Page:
Patriot, Sarah Silverman

Star/executive producer Sarah Silverman participates in the "I Love You, America" panel during the Hulu Television Critics Association Summer Press Tour at the Beverly Hilton on Thursday, July 27, 2017, in Beverly Hills, Calif. (Photo by Willy Sanjuan/Invision/AP)

Sarah Silverman has a show on Hulu called, I Love You America. Whether she really does or not is unknown. I have not been blessed with the gift to peer into the souls of people and discover their true feelings.

But I have no doubt, Silverman is a patriot. The problem is, I’m not sure what country she feels patriotic about.


The December 7 episode revolves around the theme of nationalism and mostly about how creepy people who love America can be. Silverman literally opens her monologue recalling a time when she “felt very weird” and “scared” when her then-boyfriend was raising an American flag outside his house. If that’s a concern she has, it’s no wonder she works in the safe space of the entertainment industry. She can’t possibly survive in the real world.

Silverman: I had a boyfriend many years ago, he was my first boyfriend who had his own house, and one day I went outside to see what he was doing, and he was hoisting an American flag up the flagpole in his front yard. And I instantly felt very weird. It didn’t make sense, but I felt this feeling of like, um, I felt scared – yeah, I felt scared. So I was like, ‘Uh, what are you doing?’ and he said, ‘Raising the flag,’ and I was like, ‘Why?’ and he’s like, ‘Um, because I love America?’ and I was like, ‘Right, right, of course.’ But inside I was shaken.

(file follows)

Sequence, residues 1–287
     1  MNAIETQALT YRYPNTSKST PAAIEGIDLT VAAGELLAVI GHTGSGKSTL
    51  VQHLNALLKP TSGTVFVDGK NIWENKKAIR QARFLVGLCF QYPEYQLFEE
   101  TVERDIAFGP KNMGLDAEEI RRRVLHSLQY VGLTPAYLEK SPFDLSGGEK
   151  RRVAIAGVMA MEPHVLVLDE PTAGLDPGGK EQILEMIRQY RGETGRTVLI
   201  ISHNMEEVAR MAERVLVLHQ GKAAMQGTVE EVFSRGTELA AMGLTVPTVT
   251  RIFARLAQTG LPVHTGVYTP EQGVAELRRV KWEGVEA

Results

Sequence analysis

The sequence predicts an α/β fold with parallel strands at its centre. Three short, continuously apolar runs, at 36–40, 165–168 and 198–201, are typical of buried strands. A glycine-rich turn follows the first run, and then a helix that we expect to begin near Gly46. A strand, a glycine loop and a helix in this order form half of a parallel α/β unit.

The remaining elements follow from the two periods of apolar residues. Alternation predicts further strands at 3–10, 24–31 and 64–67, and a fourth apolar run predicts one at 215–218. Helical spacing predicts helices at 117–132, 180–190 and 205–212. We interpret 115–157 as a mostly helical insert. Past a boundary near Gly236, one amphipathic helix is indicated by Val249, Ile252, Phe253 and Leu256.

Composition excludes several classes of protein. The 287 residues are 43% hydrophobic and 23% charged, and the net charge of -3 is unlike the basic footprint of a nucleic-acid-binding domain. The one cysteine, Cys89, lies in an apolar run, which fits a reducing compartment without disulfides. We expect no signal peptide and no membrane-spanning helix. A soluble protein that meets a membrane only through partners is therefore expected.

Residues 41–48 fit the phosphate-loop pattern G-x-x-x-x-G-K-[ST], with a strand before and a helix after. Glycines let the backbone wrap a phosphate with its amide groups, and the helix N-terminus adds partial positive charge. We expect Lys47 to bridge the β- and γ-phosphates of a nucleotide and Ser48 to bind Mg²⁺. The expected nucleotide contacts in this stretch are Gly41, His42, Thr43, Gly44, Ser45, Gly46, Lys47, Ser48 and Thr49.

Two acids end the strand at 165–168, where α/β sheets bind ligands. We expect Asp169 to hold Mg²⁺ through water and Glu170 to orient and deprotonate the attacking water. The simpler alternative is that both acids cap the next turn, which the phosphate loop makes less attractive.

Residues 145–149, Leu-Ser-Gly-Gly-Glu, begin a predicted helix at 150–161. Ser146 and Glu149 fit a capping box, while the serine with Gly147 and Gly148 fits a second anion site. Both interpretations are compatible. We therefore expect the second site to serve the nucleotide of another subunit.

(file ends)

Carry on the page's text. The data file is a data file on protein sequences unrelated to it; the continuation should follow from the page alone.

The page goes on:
And then I calmly walked to my car and I got inside and I called my sister Susie to tell her what happened. Now, maybe you’re thinking, ‘What do you mean what happened? Nothing happened, your boyfriend put an American flag up at his own house.’ No, you’re totally right, I had no idea why I was freaking out. I just – I had this very visceral reaction and my sister, who knows shit because she’s a rabbi in Israel, explained to me, she was like, ‘Dude, nationalism is innately terrifying for Jews. Think about it: flags, marching, blind allegiance? These things tend to ring a bell for us.’ Right. Of course. Duh. It made sense.

That makes her entire monologue on nationalism fall flat on its face. If someone can’t handle seeing an American flag outside a loved one’s house in America, I’m certainly not going to trust what they deem to be patriotic. Silverman says patriotism is loving your country, while nationalism is saying, “We’re number one!” Apparently believing in American exceptionalism and that we are the last, best hope for mankind is one step away from Nazi Germany.

I know exactly how Silverman feels. I get the same reaction whenever I see the hammer and sickle.

Liberals try to equate patriotism with the virulent nationalism of Nazi Germany all the time. The simple, heartfelt love of country felt by the vast majority of Americans is demonized as being a step away from fascism. It’s despicable and they should be called out for it every time.